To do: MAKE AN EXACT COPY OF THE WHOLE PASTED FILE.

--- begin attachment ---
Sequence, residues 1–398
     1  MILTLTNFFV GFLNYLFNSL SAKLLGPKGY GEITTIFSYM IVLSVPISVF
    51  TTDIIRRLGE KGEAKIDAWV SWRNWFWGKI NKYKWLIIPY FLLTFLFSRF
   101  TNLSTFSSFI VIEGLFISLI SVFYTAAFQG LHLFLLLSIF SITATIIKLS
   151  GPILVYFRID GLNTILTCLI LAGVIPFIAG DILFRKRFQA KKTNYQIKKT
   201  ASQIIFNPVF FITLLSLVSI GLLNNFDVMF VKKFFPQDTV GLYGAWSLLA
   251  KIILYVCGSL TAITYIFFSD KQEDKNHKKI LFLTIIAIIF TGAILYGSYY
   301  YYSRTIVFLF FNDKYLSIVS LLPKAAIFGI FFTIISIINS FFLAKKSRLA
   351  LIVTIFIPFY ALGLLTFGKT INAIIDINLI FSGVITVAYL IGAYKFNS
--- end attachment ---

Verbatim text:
Sequence, residues 1–398
     1  MILTLTNFFV GFLNYLFNSL SAKLLGPKGY GEITTIFSYM IVLSVPISVF
    51  TTDIIRRLGE KGEAKIDAWV SWRNWFWGKI NKYKWLIIPY FLLTFLFSRF
   101  TNLSTFSSFI VIEGLFISLI SVFYTAAFQG LHLFLLLSIF SITATIIKLS
   151  GPILVYFRID GLNTILTCLI LAGVIPFIAG DILFRKRFQA KKTNYQIKKT
   201  ASQIIFNPVF FITLLSLVSI GLLNNFDVMF VKKFFPQDTV GLYGAWSLLA
   251  KIILYVCGSL TAITYIFFSD KQEDKNHKKI LFLTIIAIIF TGAILYGSYY
   301  YYSRTIVFLF FNDKYLSIVS LLPKAAIFGI FFTIISIINS FFLAKKSRLA
   351  LIVTIFIPFY ALGLLTFGKT INAIIDINLI FSGVITVAYL IGAYKFNS